Sometimes situations occur where even though positive consequences are given for desired behaviors and negative consequences are attached to the wrong behaviors, employees still do the wrong things. This is because there are other characteristics of consequences in addition to just the positive and negative aspects. In addition to the positive/negative aspects associated with a consequence there are also the aspects of how personal a consequence is, how immediate it is, and how certain it is. These other aspects of a consequence can sometimes outweigh the positive/negative aspects.
Let’s look at an example where positive aspects for adherence and negative aspects for non-adherence are in place, but still don’t yield the desired result. Examine both the positive and negative effects associated with this lack of schedule adherence, along with the personal, immediacy, and certainty aspects of the consequences.
|Lack of Schedule Adherence
|Impact on service level||N||G||I||C|
|Impact on peer occupancy||N||G||I||C|
|Loss of bonus||N||P||F||U|
|10-minutes extra sleep||P||P||I||C|
|More time to socialize||P||P||I||C|
|Fewer calls to take||P||P||I||C|
Even though there are many negative consequences associated with a lack of schedule adherence, the employee may continue to do it. Two of the negative consequences are of benefit to the overall call center and customers, but not felt as a personal effect. The bad appraisal and loss of bonus are also negative, but they are not immediate. Those things will likely happen sometime out in the future, and may be viewed as uncertain by the employee.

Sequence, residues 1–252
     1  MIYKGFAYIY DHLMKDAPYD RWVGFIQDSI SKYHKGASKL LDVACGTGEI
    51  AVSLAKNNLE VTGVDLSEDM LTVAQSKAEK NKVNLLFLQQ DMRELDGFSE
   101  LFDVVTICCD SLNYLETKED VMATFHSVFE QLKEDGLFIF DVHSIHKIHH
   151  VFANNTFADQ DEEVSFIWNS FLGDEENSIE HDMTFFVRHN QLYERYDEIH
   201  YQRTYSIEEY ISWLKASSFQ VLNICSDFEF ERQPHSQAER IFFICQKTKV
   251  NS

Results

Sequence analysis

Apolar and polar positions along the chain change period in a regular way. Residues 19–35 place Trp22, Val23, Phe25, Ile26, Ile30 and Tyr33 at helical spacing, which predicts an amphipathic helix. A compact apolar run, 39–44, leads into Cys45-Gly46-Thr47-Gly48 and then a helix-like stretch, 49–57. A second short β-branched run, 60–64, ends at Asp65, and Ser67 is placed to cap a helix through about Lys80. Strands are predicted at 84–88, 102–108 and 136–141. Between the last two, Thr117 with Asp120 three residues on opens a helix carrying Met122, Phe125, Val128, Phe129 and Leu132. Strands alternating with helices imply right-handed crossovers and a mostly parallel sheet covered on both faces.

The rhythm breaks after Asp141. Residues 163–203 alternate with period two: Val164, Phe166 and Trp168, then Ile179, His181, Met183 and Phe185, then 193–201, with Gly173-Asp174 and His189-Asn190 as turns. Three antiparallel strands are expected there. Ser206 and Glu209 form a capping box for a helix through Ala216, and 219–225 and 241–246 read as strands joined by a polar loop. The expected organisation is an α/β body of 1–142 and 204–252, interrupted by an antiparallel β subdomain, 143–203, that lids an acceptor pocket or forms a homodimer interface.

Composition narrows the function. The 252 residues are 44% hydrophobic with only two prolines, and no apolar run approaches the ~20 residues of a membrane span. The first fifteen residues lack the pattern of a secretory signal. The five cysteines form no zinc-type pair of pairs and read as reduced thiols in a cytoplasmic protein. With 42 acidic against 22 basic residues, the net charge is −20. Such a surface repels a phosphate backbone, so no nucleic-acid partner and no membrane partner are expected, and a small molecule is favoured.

These negative consequences may be outweighed by the positive consequences. The benefits may include an extra ten minutes of ‘snooze’ time in the morning, or an extra few minutes to socialize in the break room, not to mention fewer calls to take. All these consequences are personally felt by the employee, and they’re all immediate and certain. Even though they’re not as significant as the negative ones, the fact that they’re personal, immediate, and certain may sway the employee to continue his errant schedule behavior.
The key when developing a plan of consequences is to apply consequences that are positive to shape desired behavior. However, it’s not enough that the consequence is positive. It also has to be personal (something that means something to the employee), immediate, and certain for it to work as an influence on behavior.
With this in mind, think about ways to make the positive and negative consequences more immediate. A supervisor that is waiting at the agent’s workstation with a warning note when he comes back from break may send a stronger message than simply reporting adherence numbers at the end of the week along with a warning. Some call centers choose to project the real-time adherence screen up for all to see, so that other employees can apply some peer pressure on the spot for agents coming back late from break.
The job of the workforce planner isn’t over when the schedules are complete. Making the plan a success involves working with supervisors and frontline staff to ensure that everyone is where they’re supposed to be. Schedule adherence will be much higher when the frontline staff have been educated on the relevance and importance of sticking to the plan and provided with regular feedback on how they’re doing. Couple this with a system of appropriate rewards and consequences and you’ll see schedule adherence steadily and surely improve.
About the Author.
Penny Reynolds is a Founding Partner of The Call Center School, a Nashville, Tennessee based consulting and education company. The company provides a wide range of educational offerings for call center professionals, including traditional classroom courses, web-based seminars, and self-paced e-learning programs. For more information, see www.thecallcenterschool.com or call 615-812-8400.